I don’t see a non-fiction book in my near future — I think it might 
be laziness, but I’m not big on research. And I like conversations 
where I get to make up both sides — it’s easier that way.

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You have done a great deal of book reviewing, for quite a number of 
publications. Those reviews, as would be expected, are not always 
positive. You also host a great number of writers through the book 
readings you arrange at Bolen Books. Is that ever a problem? Have 
you ever had to introduce a writer whose book you’ve been less than 
kind to?

Oh, it’s been a problem, that’s for sure. It’s made for some 
uncomfortable evenings. Those two authors I mentioned previously? I 
hosted both of them shortly after the respective reviews ran — to 
say that there was tension would be vastly understating the case.

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You’ve seen a lot of writers come through on book tours and heard the 
stories, good and bad. Any great stories out of your tours for 
”Before I Wake”?

Well, certainly none fit for a family-friendly operation like this!

 Nah. To be perfectly honest, there wasn’t a whole lot unique or out 
of the ordinary as far as book tours go. I had some fabulous events, 
including a couple on the Gulf Islands (at Galiano Island Books and 
at Phoenix on Bowen) that were great reminders of the value of small, 
closely knit communities. The book’s launch in Victoria was one of 
the highlights of my life — I just wish it wouldn’t have passed in 
such a blur. And the event I did with Pages in Toronto, an 
audio-visual presentation about the music that shapes my process and 
my work, was unbelievable. As was the follow-up reaction, which 
included a blogger referring to me as something along the lines of 
”the rock-star of CanLit”. That makes me smile… I always wanted to 
play guitar.

One thing that touring did remind me of, though, was the strangeness 
of this country. I went out in late September, leaving Victoria on 
Sunday morning. The Saturday afternoon, we were out playing 
miniature golf in shorts and t-shirts, with temperatures in the 
mid-20s. The next day in Edmonton? Minus 3 with the windchill. Two 
days later in Toronto? Almost 30 degrees. How do you pack for that?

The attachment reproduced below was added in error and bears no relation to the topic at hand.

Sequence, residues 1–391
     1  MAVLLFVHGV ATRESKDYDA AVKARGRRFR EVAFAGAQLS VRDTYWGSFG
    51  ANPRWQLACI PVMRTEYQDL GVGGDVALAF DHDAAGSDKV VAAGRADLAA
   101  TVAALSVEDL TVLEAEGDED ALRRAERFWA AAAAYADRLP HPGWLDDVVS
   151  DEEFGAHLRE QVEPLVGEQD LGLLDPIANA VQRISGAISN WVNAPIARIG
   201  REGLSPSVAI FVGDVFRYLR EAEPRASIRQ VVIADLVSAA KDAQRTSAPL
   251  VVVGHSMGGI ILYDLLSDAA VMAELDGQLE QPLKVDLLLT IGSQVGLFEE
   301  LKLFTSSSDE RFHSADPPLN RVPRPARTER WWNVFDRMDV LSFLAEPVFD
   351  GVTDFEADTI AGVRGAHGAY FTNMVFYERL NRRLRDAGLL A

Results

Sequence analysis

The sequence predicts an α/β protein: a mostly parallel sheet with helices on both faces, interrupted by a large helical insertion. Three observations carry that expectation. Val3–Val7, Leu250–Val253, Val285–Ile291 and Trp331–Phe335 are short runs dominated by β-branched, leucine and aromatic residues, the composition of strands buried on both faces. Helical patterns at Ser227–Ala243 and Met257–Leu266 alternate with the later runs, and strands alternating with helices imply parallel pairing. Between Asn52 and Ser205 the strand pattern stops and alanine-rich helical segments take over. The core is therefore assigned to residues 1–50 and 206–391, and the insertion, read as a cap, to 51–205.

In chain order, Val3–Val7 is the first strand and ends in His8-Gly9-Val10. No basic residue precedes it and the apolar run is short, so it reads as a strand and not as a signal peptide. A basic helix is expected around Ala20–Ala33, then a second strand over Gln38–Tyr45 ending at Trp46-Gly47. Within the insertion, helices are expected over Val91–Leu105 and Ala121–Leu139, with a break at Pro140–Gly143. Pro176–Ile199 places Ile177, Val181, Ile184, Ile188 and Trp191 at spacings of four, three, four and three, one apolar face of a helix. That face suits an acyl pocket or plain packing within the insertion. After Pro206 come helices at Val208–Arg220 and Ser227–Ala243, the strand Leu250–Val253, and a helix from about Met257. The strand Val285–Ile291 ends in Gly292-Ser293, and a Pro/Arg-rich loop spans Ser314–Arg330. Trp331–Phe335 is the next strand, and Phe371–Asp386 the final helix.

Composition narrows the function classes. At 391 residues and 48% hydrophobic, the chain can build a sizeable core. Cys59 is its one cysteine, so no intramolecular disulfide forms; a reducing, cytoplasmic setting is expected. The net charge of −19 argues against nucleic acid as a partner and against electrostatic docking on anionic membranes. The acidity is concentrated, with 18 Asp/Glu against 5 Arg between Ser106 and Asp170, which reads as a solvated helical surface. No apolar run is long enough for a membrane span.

The US tour of the Pacific Northwest was a bit of different 
experience. The audience attendance wasn’t quite what we had hoped, 
and as we were driving across the plains, from Spokane to Oregon, I 
realized I was doing what every fledgling rock star (see, there it 
is again!) does: I was paying my dues. That made it easier to 
swallow. As did a great off-night on the water in Cannon Beach, and 
a great event in Bellingham.

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Now that you’ve got a published novel behind you, do you get many 
requests for book cover blurbs from other writers?

I’ve had a couple of requests, and if I’ve got the time, I’m happy to 
do it. It seems strange to me to be in a position where my 
imprinteur might be construed as a hallmark of quality, but every bit 
helps…

The thing is, if given a choice, I’d prefer to review a book than to 
blurb it. If I’m in a position to blurb it favourably, I think 
there’s probably more value, in terms of attention and public 
profile, to a positive review.

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Who are you reading right now?

Let’s see, what have I read recently. The new Paul Auster (Man in 
the Dark), which is a very strong book, very human. The new Rawi 
Hage (Cockroach), which is a tour de force, and certainly pays out on 
the promise he showed with DeNiro’s Game. The new Tim Winton 
(Breath) is fabulous. And probably the best book I’ve read recently 
is Andrew Davidson’s debut, The Gargoyle. This is one of those rare 
books that actually delivers on the hype, and on the news of 
multi-million dollar advances.

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Any writers you hope to host for readings during the upcoming fall book season?

That’d be telling, wouldn’t it?

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Finally, if you could get any writer for a reading at the bookstore, 
who would it be?

You know, I’ve been doing this for a decade now. I’ve had a lot of 
’visiting author’ dreams come true. Hosting Neil Gaiman a couple of 
times (if you ever get a chance to go for dinner with Neil, you 
should — the man knows his sushi). Hosting Timothy Findley for what 
turned out to be his last book-tour event. Introducing Salman 
Rushdie was such an overwhelming experience that I actually had to 
stop and savour the moment.

 Having said all that, though, I would love to host Stephen King. And 
getting the opportunity to welcome John Irving would be a dream come 
true — The World According to Garp made me a writer, and I’d love 
the opportunity to thank him in person.

You can find out more about Rob at his website.